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Edmund Yaghjian: A Retrospective
March 16 - September 16, 2007
Edmund Yaghjian was born in Armenia, but made his mark -- literally, and with a paint brush -- in America, and especially in South Carolina. A major retrospective of Yaghjian's work can be seen beginning March 16 at the South Carolina State Museum in the exhibit Edmund Yaghjian: A Retrospective. (right: Corner House for Sale" is a 1950 oil on canvas painting by distinguished South Carolina artist Edmund Yaghjian. It can be seen in the exhibit Edmund Yaghjian: A Retrospective beginning March 16 at the South Carolina State Museum in Columbia. Collection of Candy Yaghjian Waites/photo courtesy S.C. State Museum.)
Providence, R. I. was where the two-year-old Yaghjian landed with his family in 1907, and his natural talent won him a scholarship to the Rhode Island School of Design, where he received a Bachelor of Fine Arts degree in 1930. Yaghjian moved to New York City after graduation to continue his studies at the famous Art Students League. "He became friends with instructor John Sloan, who was an integral part of the Ashcan School of Painting, and painter Stuart Davis, who proved to be some of the most significant influences in Yaghjian's work," concentrating on depicting natural scenes of the city, says Curator of Art Paul Matheny. "He emphasized commonplace, everyday activity and the vitality and distinctiveness of urban life in the 1930s."
A number of paintings in the exhibit are from this period, such as "Subway at 57th St." and "42nd St. West of Broadway." His style is realistic to portray the feel of places he was living, which later included Ossining, N.Y., Danby, Vt. and Columbia, Mo.
Yaghjian's influence on South Carolina began when he moved to the Palmetto State in 1945 and became the first head of the art department at the University of South Carolina. "Yaghjian was one of the teachers, along with Augusta Witowsky and Catherine Rembert, to bring a level of professionalism to the department and encouraged the development of the arts in the community and across the state that, with the possible exception of Charleston during its 'renaissance' of the 1920s, had not previously existed," says Matheny.
In Columbia the artist continued to paint scenes of vernacular culture and local life, as in "Night at the Fair," "Barnwell St. Below Gervais," "College St. Living Room" and "Morning on Huger Street." He even painted the personal, in "Self Portrait" and "Candy and Mother Waiting for the Mail," which depicted his daughter and wife.
Moving South had its price, however. While living in the North, Yaghjian's early New York paintings were seen in important exhibitions, such as the "Portrait of America" show at the Metropolitan Museum of Art in 1944 and the "Painting in the United States" exhibit at the Carnegie Institute in Pittsburgh in 1945. (right: Edmund Yaghjian was the first head of the art department at the University of South Carolina in 1945. After retiring in the mid-1960s, he continued to teach and paint. "Night at the Fair" is a 1970 acrylic on board work from the collection of the South Carolina State Museum. It can be seen, along with nearly 100 other paintings and drawings by Yaghjian and the distinguished artists he taught and influenced, in the State Museum's new exhibit Edmund Yaghjian: A Retrospective. Photo courtesy S.C. State Museum.)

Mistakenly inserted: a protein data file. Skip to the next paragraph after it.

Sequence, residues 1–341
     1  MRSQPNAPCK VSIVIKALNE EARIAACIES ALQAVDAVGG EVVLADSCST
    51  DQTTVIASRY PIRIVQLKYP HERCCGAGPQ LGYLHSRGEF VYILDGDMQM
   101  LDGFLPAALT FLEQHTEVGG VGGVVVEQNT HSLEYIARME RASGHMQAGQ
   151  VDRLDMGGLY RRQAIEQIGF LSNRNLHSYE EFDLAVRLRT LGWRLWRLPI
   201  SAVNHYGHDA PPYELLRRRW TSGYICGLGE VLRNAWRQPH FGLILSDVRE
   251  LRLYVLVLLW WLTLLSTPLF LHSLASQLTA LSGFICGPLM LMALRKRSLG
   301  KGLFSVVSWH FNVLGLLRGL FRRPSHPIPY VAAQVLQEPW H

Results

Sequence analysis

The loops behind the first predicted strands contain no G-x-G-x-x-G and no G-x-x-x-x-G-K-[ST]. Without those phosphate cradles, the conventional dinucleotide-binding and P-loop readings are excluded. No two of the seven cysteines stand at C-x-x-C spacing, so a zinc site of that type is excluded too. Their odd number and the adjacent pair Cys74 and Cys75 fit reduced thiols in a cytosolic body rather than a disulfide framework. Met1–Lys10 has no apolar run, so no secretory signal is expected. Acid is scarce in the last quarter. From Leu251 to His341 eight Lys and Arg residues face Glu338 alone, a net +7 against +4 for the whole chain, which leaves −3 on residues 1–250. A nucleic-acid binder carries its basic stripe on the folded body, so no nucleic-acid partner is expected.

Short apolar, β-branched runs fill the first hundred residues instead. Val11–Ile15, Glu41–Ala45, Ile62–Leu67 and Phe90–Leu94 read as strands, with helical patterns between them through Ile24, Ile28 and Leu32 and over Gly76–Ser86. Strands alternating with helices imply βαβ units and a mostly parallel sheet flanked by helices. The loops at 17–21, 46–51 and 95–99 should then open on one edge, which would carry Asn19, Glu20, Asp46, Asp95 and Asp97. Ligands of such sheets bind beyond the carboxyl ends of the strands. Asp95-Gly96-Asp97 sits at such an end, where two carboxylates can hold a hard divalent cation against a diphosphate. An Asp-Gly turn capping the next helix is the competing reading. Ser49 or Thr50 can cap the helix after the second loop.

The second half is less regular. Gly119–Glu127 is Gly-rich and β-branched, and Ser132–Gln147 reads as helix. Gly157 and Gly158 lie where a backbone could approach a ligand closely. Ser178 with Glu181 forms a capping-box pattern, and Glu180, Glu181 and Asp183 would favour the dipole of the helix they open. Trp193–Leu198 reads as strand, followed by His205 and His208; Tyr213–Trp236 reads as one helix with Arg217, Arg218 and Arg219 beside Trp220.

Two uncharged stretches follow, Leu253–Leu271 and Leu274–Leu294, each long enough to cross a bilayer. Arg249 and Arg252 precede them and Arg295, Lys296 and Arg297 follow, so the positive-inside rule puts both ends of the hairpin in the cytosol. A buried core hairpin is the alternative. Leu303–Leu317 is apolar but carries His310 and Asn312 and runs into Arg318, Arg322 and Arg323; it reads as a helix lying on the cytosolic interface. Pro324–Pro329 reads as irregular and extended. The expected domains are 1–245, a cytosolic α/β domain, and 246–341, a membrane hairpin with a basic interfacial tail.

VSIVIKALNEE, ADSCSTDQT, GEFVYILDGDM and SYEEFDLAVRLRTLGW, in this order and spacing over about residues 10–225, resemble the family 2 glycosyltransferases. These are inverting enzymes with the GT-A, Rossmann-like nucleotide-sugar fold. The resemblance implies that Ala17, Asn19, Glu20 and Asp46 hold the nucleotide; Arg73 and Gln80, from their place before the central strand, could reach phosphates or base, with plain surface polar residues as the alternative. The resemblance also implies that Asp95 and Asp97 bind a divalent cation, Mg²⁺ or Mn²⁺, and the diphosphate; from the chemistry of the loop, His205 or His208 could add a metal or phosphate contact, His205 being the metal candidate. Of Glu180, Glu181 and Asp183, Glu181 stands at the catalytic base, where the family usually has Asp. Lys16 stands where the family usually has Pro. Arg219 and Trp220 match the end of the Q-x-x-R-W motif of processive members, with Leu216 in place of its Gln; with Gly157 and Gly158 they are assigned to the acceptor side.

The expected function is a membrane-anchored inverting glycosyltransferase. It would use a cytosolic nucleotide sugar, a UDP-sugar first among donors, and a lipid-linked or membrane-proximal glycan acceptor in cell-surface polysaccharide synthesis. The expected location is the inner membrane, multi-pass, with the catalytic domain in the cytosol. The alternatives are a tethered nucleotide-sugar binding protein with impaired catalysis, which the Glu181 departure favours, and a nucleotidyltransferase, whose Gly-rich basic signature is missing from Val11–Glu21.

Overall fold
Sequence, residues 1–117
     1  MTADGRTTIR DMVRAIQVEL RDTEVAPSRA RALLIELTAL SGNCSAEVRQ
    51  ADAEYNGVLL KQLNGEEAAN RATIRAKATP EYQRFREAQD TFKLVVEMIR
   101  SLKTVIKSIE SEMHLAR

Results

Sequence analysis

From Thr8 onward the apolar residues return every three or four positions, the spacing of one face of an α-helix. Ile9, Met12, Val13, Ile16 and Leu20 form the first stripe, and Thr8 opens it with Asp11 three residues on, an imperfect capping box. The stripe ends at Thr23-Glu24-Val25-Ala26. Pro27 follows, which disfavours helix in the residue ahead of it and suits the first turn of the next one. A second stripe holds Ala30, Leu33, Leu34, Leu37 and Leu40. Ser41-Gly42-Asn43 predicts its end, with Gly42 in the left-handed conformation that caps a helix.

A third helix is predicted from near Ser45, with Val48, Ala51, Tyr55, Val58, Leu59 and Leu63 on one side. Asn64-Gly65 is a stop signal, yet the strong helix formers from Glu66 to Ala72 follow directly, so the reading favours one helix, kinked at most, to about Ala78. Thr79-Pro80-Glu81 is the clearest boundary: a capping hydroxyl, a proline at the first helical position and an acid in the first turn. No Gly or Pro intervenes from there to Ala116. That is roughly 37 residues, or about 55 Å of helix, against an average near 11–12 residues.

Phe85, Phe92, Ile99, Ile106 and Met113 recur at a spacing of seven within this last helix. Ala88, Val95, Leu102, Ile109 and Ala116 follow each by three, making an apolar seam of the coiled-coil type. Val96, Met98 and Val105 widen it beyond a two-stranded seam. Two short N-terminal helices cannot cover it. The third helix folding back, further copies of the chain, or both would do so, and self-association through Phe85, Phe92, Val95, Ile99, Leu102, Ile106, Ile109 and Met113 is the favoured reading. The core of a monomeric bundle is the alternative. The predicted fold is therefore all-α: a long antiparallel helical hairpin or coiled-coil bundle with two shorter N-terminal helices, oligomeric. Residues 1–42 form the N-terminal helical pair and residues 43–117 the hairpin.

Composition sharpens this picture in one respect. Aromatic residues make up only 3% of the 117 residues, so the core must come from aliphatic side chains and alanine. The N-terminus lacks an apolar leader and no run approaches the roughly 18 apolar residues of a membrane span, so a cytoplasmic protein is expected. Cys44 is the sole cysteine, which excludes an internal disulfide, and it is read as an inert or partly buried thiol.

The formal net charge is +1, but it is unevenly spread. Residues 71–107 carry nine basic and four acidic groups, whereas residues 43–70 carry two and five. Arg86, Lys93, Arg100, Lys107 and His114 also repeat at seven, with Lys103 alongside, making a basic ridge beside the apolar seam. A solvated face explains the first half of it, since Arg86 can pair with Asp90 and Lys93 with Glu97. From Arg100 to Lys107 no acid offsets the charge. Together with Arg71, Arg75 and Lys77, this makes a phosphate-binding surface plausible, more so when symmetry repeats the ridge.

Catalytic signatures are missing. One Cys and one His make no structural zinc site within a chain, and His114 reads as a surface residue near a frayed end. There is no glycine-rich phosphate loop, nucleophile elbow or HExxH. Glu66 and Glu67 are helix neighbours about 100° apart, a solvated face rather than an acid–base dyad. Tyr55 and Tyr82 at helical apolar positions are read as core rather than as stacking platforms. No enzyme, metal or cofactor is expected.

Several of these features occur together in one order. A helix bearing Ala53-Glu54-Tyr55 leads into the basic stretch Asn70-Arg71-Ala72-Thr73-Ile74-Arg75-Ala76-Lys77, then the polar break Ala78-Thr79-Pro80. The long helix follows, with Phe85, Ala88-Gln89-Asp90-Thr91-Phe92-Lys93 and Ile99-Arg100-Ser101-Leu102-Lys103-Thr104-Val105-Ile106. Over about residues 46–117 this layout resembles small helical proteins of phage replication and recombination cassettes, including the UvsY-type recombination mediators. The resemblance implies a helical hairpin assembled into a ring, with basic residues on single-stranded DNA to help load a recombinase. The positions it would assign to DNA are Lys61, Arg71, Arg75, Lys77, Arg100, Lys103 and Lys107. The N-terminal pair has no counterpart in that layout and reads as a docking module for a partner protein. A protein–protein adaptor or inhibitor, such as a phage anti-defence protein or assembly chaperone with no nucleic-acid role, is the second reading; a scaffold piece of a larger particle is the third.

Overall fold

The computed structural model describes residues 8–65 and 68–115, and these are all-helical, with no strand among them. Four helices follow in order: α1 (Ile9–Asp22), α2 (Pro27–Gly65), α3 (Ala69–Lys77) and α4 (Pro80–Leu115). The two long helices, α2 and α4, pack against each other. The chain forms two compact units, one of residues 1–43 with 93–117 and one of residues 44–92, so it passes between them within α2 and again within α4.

"However, as his name in South Carolina blossomed, his national reputation began to fade," says Matheny. "Nonetheless, his importance as an artist is still recognized nationally, and he is one of the most influential artists and art educators from South Carolina."
Yaghjian painted his surroundings throughout his life, but over time his style shifted from realism to stylized abstraction to abstract work, says the curator.
Yaghjian's influence in the state has continued through his students, a list of which reads like a "Who's Who" of prominent South Carolina artists, including J. Bardin, Jasper Johns, Warren Johnson (aka Blue Sky), Sigmund Abeles, David Van Hook and Bill Buggle, among others.
The approximately 100 paintings and sketches in the exhibit will be supplemented with work by others whom Yaghjian influenced, Matheny says. The exhibit can be seen in the museum's Lipscomb Gallery through Sept.16.
The South Carolina State Museum provides exhibits for museums and comparable facilities in South Carolina. Exhibits range from large exhibitions designed for major museums to smaller, South Carolina-specific exhibits for local museums and galleries. Subjects range from the turbulent history of Native Americans in South Carolina to fine art. Edmund Yaghjian: A Retrospective is available to other museums starting in December, 2007. The exhibit contains approximately 80 paintings and drawings.
The following is from the museum's traveling exhibit catalog.
The South Carolina State Museum is located at 301 Gervais Street, beside the historic Gervais St. Bridge and just a few blocks west of the State Capitol in downtown Columbia. Museum hours and applicable fees available on museum's website.
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